Five years after the endorsement of the Guiding Principles at the UN - and the founding of Shift - we reflect on five positive areas of progress, and five areas where urgent progress is needed.
August 2016 | Caroline Rees and Rachel Davis, Co-Founders of Shift
A little over five years ago, we were sitting in a room at the United Nations in Geneva, eagerly awaiting the endorsement of a groundbreaking standard on business respect for human rights. On June 16, 2011, the UN Human Rights Council unanimously gave that endorsement to the UN Guiding Principles on Business and Human Rights.
By mid-July, we had established Shift, with our mission to put the Guiding Principles into practice.
Five years later, significant progress on business respect for human rights has been made, thanks to the tireless work of the entire community of business and human rights practitioners, supporters and advocates. But we still have a long way to go.
On our fifth anniversary as an organization, we offer here five reflections that give us confidence that progress is real and accelerating – and five reflections on issues that remain a brake on the pace of change that is needed.
Five years ago, companies active in the business and human rights debate were mostly large Western extractives, brands and retailers. Today, the conversation has moved far beyond those groups and into business to business relationships. This dynamic has advanced far and fast due to a mix of regulatory developments that are driving human rights due diligence through global supply chains, such as the US federal government procurement requirements on trafficking and the UK Modern Slavery Act, company efforts such as those driven by the Global Business Initiative on Human Rights, and NGO and trade union campaigns on abuses in companies' operations in a wide range of contexts.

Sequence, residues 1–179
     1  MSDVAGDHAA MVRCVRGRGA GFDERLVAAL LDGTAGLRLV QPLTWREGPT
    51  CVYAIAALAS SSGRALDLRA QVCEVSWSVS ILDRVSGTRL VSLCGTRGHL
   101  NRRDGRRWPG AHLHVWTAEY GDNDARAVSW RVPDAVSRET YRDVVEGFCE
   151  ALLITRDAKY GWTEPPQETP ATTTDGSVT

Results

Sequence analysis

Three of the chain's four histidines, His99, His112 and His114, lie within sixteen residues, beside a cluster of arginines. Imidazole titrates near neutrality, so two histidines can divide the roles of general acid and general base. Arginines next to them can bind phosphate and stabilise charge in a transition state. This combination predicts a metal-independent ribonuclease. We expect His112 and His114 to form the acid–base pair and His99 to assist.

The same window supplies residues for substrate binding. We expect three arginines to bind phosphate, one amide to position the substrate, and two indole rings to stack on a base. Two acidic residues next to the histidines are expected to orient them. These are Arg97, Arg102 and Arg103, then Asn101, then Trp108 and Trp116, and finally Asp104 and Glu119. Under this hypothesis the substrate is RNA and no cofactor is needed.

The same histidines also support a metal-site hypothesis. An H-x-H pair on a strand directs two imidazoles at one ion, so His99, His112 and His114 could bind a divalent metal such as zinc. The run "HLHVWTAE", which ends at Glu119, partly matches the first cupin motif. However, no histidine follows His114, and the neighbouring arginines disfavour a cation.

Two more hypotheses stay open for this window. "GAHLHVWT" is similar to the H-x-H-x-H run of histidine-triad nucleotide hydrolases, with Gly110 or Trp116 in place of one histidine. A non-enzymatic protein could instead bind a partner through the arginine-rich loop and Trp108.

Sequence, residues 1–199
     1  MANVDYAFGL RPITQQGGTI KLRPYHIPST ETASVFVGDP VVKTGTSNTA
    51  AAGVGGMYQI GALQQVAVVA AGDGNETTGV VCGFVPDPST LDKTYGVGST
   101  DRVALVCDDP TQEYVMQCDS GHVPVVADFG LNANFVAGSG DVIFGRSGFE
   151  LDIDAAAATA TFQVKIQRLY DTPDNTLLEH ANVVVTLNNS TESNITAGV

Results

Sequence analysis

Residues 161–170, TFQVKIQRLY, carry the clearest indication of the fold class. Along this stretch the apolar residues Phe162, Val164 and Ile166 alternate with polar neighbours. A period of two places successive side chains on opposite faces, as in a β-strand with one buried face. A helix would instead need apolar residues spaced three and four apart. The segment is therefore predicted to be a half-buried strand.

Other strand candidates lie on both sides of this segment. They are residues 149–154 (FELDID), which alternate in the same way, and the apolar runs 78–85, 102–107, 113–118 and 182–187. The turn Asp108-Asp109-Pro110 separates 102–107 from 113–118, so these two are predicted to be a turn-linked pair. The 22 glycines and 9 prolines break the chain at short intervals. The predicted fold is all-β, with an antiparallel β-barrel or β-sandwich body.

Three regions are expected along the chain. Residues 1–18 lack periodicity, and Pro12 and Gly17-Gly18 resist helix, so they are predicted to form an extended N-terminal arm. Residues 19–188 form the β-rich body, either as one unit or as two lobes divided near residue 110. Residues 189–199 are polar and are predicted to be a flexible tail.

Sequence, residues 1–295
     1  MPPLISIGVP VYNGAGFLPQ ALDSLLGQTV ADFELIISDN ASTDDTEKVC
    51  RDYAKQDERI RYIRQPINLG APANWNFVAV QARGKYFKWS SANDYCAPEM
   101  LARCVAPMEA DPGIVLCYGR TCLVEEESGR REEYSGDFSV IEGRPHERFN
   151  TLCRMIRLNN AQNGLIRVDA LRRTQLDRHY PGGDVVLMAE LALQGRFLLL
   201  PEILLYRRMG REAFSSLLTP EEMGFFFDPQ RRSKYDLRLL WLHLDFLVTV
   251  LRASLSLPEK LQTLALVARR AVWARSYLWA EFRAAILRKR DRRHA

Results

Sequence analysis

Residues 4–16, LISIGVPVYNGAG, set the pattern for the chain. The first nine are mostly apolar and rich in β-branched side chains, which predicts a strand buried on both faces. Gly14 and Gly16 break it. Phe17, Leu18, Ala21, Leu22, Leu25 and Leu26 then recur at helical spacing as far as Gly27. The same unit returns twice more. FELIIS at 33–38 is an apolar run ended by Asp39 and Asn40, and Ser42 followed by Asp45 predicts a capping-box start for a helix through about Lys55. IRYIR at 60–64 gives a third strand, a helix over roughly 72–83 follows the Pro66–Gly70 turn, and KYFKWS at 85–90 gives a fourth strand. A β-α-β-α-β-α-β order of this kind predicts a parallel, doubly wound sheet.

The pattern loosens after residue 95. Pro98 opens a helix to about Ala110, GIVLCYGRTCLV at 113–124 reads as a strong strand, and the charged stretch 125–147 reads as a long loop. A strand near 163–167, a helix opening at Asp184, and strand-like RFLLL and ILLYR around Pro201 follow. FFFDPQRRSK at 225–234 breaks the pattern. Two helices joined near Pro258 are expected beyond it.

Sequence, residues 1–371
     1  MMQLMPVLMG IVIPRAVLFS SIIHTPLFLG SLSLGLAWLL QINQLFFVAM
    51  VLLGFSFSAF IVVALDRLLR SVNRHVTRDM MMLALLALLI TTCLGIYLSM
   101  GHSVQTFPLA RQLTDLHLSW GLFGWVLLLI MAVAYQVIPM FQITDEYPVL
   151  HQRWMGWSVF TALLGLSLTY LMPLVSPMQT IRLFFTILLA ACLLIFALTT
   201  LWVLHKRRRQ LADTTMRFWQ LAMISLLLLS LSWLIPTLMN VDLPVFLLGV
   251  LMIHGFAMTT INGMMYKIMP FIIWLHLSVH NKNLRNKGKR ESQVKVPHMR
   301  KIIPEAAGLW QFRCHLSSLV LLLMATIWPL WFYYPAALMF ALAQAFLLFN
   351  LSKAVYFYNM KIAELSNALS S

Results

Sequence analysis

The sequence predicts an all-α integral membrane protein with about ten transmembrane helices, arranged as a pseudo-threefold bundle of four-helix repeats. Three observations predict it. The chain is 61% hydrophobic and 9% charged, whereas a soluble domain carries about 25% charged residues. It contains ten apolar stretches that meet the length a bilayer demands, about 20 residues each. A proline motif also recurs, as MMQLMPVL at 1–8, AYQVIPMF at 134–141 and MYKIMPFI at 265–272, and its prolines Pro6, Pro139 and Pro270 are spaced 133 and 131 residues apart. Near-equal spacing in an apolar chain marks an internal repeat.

Moreover different kinds of “enterprises” are understanding that the Guiding Principles speak to them as well. Institutional investors are recognizing that they themselves are exposed where they invest in companies that have severe human rights impacts. Our recent work with John Ruggie to develop recommendations for embedding respect for human rights at FIFA shows the relevance of this agenda for major sports organizations too. We hope to see that trend grow further through the work of the Institute for Human Rights and Business on mega-sporting events.
Meaningful communication is a real driver for improved management of human rights issues -- leading to a positive change in people's lives.
With most people around the world easily able to share news and information, corporate impacts on people’s rights can hardly be kept a secret. Few people are convinced by company reports that avoid these challenges, suggest they are neatly resolved, or offer the number of people trained or audits conducted as a sign that it’s all under control.